It is a teaching moment and Jesus doesn’t let it slip by. He quickly claims that what the poor widow gave was more than what all the others had given. This unnamed lady exemplifies the importance of each one of us giving. It’s interesting that Jesus didn’t tell her to keep her money or that her small amount wouldn’t really do much so she should just use it to care for her own needs. He allows her to give and allows her the privilege of watching God provide for her needs after putting His kingdom first.

What a powerful lesson! She hadn’t given a greater quantity than the others. But she had given far more generously than the others. As we prepare to think about giving and the message that we will hear this Sunday, let’s remember that it is always about our intentional generosity, not about the size of the check that we put in the offering. Paul reminded Timothy that those who are rich in this world are given those resources so that they can be generous. Being wealthy is not a bad thing. Not being generous when we are wealthy is a bad thing.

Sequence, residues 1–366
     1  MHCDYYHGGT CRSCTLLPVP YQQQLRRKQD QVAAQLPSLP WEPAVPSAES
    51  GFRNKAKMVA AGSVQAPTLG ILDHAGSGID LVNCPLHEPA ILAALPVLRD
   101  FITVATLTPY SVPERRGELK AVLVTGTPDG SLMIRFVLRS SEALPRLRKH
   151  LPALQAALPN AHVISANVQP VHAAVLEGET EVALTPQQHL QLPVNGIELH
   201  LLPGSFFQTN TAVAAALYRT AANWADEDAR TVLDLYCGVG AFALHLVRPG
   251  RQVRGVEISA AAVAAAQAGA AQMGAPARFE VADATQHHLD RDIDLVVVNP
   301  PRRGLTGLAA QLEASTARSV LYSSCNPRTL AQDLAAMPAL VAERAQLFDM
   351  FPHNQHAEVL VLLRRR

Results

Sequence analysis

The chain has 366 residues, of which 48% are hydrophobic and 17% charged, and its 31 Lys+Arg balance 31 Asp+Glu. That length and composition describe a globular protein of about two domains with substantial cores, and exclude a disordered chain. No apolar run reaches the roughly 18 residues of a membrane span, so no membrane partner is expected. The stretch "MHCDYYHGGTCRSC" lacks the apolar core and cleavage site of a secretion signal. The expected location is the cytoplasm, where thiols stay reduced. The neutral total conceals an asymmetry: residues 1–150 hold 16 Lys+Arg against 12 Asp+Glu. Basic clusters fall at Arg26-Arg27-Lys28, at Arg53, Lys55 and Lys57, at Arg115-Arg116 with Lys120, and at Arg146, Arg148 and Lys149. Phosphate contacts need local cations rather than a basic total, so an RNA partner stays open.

If you have a lot; give a lot. Invest in the kingdom of God and store up for eternity. Trust in the Lord; not in your money. If you have little; give sacrificially and watch God provide for your needs as you prioritize His kingdom ahead of yours.

Posted by David Wilson with